Please note that this tool is “real time”, so if you click on one of these pins next year, you’ll get the report as of that date, not today…. so, you may want to bookmark this post, or sign up for one or more of the email reports that are available, to keep you up to date on current Scottsdale home prices, by zip code.
Via the City of Scottsdale:
Tour the Old Mission and then board a trolley for a two-hour guided tour of the Arts District, Civic Center campus, Hotel Valley Ho, Southbridge and the Waterfront area.
Free Cultural Trolley tours of Downtown Scottsdale take place at 10:30 a.m., the second Saturday of every month. Registered tour attendees meet at the Old Adobe Mission located on the southeast corner of Brown Avenue and Second Street. Reservations are required.
Call (480) 634-6850 to make them. LocalMotion tours are provided by Ultimate Art & Cultural Tours.
Here’s one intersection you’ll want to avoid for the next ten days:
The intersection of Scottsdale and Camelback roads will be reduced to one lane in all directions starting Tuesday, Sept. 7 through Sept. 17. The restrictions are necessary to permit repaving of the intersection and to install new crosswalks. Motorists are advised to take extra care in this area and expect longer travel times. Access to local businesses will be maintained at all times during this project.
The Goldwater loop to the west of Scottsdale Road is one option that will bypass this intersection, and should get you where you are going faster.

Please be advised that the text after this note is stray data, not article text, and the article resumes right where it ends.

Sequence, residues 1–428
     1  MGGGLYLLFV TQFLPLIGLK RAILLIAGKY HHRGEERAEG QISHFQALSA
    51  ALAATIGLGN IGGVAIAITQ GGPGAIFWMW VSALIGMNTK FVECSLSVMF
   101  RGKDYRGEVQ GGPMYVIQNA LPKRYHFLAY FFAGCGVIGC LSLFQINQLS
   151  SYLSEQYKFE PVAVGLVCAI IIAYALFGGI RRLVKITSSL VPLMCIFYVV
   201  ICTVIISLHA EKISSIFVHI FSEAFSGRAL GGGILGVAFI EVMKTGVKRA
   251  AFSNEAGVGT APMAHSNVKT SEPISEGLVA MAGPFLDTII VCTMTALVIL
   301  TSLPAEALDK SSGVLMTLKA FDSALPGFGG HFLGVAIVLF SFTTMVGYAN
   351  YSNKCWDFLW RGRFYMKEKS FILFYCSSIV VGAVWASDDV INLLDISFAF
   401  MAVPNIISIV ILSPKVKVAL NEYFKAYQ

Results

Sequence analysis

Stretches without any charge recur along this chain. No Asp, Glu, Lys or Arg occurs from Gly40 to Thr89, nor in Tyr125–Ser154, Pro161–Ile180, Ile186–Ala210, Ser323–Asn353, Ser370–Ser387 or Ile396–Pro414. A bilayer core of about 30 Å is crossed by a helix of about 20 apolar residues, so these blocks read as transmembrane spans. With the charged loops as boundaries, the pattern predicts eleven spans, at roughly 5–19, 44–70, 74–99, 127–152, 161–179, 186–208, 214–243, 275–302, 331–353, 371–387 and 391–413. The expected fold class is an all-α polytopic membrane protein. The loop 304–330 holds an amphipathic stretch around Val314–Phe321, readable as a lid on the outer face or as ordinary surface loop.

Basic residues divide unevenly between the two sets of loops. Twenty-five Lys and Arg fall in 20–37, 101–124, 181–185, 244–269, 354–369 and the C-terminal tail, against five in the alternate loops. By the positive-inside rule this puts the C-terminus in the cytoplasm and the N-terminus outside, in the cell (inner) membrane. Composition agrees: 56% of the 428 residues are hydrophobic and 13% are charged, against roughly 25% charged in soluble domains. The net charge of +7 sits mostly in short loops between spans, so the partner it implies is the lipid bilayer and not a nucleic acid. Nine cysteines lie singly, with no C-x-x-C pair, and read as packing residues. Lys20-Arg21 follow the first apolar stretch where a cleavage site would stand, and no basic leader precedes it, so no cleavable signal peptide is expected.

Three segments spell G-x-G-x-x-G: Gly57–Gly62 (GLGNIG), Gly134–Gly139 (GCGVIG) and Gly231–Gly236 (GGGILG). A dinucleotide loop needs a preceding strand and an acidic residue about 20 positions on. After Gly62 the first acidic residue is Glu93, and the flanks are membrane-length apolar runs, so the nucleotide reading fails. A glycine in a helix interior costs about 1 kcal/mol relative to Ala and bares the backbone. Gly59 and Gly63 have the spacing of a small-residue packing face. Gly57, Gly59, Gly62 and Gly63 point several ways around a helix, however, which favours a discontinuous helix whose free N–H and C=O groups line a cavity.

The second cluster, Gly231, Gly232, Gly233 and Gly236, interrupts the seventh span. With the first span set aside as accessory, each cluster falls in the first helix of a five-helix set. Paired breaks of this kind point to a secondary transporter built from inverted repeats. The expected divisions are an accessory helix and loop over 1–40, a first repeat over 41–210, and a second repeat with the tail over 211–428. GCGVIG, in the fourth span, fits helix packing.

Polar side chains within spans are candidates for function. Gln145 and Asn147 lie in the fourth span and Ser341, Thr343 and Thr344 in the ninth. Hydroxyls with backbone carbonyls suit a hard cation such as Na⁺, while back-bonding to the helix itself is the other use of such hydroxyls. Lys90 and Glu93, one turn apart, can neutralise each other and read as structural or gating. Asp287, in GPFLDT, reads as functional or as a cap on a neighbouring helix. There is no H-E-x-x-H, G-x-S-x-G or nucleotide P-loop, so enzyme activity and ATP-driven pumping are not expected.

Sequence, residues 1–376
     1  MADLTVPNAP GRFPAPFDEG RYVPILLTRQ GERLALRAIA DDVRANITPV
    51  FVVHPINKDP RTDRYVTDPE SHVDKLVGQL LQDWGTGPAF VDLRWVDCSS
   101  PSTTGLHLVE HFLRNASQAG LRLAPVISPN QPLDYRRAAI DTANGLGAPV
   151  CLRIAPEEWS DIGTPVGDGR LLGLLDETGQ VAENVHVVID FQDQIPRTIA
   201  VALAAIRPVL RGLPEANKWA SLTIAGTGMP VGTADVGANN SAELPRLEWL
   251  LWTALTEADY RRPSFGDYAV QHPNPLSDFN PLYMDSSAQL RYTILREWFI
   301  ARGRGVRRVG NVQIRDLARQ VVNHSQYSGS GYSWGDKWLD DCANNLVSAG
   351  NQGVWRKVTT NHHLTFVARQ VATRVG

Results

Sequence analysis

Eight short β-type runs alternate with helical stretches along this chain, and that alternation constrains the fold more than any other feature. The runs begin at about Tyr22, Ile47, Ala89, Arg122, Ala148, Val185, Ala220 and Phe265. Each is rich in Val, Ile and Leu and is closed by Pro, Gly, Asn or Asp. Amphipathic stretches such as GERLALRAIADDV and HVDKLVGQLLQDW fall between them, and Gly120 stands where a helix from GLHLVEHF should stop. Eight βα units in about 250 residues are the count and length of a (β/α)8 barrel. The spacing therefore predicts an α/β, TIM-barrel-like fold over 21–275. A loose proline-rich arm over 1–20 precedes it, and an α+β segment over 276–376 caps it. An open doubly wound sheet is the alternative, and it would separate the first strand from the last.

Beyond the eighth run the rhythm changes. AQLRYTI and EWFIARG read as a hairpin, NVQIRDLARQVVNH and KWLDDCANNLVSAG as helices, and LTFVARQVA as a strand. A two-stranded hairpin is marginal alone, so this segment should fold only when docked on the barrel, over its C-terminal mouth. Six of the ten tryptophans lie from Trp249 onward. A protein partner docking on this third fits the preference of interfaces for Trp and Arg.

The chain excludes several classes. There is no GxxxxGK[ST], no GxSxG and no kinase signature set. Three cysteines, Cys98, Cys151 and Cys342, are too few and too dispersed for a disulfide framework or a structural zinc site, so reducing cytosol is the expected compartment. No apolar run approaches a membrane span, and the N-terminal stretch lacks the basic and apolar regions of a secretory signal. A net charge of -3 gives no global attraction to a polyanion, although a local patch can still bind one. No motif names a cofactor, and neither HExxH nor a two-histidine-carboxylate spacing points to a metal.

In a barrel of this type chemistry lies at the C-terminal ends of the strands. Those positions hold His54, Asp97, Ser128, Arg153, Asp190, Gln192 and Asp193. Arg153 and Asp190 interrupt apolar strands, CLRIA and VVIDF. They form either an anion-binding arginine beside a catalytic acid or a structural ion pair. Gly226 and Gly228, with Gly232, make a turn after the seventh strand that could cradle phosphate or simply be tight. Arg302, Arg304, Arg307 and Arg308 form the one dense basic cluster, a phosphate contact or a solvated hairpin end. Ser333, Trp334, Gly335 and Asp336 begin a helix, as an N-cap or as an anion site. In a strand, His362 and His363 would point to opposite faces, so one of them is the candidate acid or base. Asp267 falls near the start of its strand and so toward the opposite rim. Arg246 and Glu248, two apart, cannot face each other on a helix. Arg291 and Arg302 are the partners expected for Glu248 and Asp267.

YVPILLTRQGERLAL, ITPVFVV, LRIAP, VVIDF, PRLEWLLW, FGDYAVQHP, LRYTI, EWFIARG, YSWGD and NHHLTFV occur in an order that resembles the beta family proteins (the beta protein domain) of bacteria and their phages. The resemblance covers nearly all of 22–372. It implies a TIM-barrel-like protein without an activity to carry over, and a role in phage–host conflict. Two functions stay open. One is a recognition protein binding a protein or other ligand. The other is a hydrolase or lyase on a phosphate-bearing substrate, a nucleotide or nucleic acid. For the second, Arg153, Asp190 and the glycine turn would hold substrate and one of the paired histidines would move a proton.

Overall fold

View Scottsdale and Camelback Roads in a larger map
The latest traffic restrictions in Scottsdale can be found at http://www.scottsdaleaz.gov/traffic/restrictions.
To sign up for traffic alerts (via email) from the City of Scottsdale, visit https://eservices.scottsdaleaz.gov/listserve/
One of the phrases you often hear in real estate is “Location, Location, Location“, and that it means everything. Equally important is “Price, Price, Price“.
This chart tracking “Months Supply by Price Range (Based on Sales per Month)” is one of my favorites to monitor “the speed of real estate” in Phoenix.
Just a couple months ago, it was a Seller’s Market for homes priced $275K and under, and today, only homes priced under $75K have less than five months of inventory. (Inventory is number of houses on the market, divided by rate of monthly sales.)
We are now seeing a Balanced Market for homes priced between $75,000 and $400,000, where there are an average of 5-7 months of inventory.
Over $400K, there’s been some improvement in the $500-800K price range, although higher price points are still looking at a year and more of inventory. The more inventory, the more competition sellers have, and it’s easy to expect prices to decline further in these upper ranges. Scottsdale’s real estate prices average higher than the rest of Phoenix Metro (with the exception of Paradise Valley), so presumably will feel this impact more than most cities.
Bottom Line: In today’s market, the Seller advantage at the low end of the market is decreasing, and the balanced market, that will begin to signify that we are approaching some sort of equilibrium, is expanding. While there is some improvement at certain price points in the luxury end of the market, it’s still very much a Buyer’s marker.
Prior Posts on Phoenix Real Estate – Housing Inventory Levels:
Steady as She Goes – Greater Phoenix Home Inventory Update – July 2010
Phoenix Real Estate Update: Comparing 2009 / 2010 Housing Inventory by Price Range – May 2010
Insight into the Hot Phoenix Real Estate Market – October 2009
Buyers Market? Sellers Market? Depends. – August 2009
If you don’t believe the Phoenix real estate market is changing, you’d better look at this! – June 2009